In Healthcare, Breach Dangers Come From Inside the House

10 Apr 2018 | SOURCE: Modern Healthcare

 A little more than half of healthcare security breaches in 2017 came from inside the healthcare organization, according to Verizon data | DAS Health

Driven by an enticing value proposition, hackers are increasingly turning to ransomware to bring in cash, according to a new report from Verizon.

But healthcare also faces a threat particular to the industry, according to the report: breaches from within. A little more than half of healthcare security breaches in 2017 came from inside the healthcare organization, according to Verizon data.

Some of those breaches—about 23%—are due to human error. The most common error was sending information to the wrong person.

RELATED: CareFirst Breached Again, 6,800 Members Victims of Phishing Attack

Other breaches—13%—are due to “fun or curiosity,” according to the report. Those might occur when celebrities have been patients or other incidents.

“There are very few industries where if you don’t log out of the computer in the room and then someone else looks at the screen there’s a breach, because they’re looking at someone else’s health information,” said Gabriel Bassett, senior information security data scientist for Verizon.

Poor device security increases the risk, he said. “We know to encrypt mobile devices, but if you’re a small company, that’s a lot of work, especially if you have only one IT guy,” Bassett said. “If you’re a large company, you have a lot of assets to keep track of and encrypt.”

RELATED: Managed IT Services do the work for you – protecting your patients and your practice from security breaches.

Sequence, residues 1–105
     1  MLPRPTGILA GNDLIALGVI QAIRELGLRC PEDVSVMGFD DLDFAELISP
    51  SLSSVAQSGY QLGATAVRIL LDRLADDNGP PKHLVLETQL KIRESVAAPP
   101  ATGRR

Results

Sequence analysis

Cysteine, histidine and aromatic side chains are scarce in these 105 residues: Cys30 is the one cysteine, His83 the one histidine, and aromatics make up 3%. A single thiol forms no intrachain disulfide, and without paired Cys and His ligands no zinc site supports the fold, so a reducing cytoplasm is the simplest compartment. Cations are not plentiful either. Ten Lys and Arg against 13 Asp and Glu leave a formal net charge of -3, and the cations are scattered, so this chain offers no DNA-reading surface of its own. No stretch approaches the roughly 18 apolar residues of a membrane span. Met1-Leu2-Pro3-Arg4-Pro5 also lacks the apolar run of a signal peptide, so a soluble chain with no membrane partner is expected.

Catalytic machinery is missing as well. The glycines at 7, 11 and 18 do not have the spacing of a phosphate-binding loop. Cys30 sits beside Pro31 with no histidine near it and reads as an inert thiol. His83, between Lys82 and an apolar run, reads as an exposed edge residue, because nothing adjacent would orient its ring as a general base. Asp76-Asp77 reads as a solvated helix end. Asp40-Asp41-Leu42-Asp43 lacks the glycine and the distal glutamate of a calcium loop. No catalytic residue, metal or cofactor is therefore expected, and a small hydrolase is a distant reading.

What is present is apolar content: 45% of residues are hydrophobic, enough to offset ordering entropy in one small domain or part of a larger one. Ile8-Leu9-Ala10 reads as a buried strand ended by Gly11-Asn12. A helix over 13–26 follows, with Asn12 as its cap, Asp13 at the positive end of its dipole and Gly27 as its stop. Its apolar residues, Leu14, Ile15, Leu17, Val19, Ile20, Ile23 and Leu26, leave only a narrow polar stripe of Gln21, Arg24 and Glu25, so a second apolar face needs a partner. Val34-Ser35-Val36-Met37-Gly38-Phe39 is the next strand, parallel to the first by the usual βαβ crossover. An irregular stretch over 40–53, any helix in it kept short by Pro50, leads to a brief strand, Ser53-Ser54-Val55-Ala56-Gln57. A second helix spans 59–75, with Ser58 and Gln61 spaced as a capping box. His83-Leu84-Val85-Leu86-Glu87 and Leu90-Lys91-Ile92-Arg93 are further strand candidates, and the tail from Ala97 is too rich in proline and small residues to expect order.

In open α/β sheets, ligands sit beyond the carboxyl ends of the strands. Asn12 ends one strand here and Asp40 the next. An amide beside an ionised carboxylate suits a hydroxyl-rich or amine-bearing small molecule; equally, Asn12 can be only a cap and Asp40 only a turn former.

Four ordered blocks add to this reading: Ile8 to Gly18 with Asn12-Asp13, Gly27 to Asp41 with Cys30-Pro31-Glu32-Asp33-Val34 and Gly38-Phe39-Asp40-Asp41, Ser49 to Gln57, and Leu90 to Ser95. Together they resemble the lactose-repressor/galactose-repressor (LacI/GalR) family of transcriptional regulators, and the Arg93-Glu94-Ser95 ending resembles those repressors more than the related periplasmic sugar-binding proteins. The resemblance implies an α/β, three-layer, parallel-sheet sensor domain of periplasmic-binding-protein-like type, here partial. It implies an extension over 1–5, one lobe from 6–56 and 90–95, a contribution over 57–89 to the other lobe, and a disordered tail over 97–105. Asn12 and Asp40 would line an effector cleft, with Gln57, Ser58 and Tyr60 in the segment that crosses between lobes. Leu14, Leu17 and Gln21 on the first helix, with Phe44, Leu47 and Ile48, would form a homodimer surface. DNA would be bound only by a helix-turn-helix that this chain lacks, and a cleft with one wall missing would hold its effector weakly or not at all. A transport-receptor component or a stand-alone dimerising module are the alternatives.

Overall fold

Either way, the threat persists.

What makes matters worse is how crucial authorized access to the devices is. “The last thing you want is for a doctor to open a laptop and it’s encrypted, and he doesn’t remember his password,” Bassett said.

Healthcare IT staff need to find a balance between access and security, Bassett said.

One approach is encrypting all devices. Another is network segmentation, in which different devices are on different networks. That way, an internet-connected blood pump won’t necessarily be connected to the same network as the ultrasound or the same network administrators are using for business work. If a hacker gets into one network, he won’t necessarily have access to all the devices in an organization.

Another simultaneous approach is enabling two-factor authentication, especially given how many providers work remotely.

Small organizations might consider software-as-a-service electronic health records since vendors of that kind maintain their own security, Bassett said.

Breaches in most of the industries Verizon studied are on the rise. Notably, they decreased in the financial sector from 2015 to 2017. They’re also down in manufacturing.

The increase in breaches in healthcare could be attributed partially to stricter reporting requirements, Bassett said.

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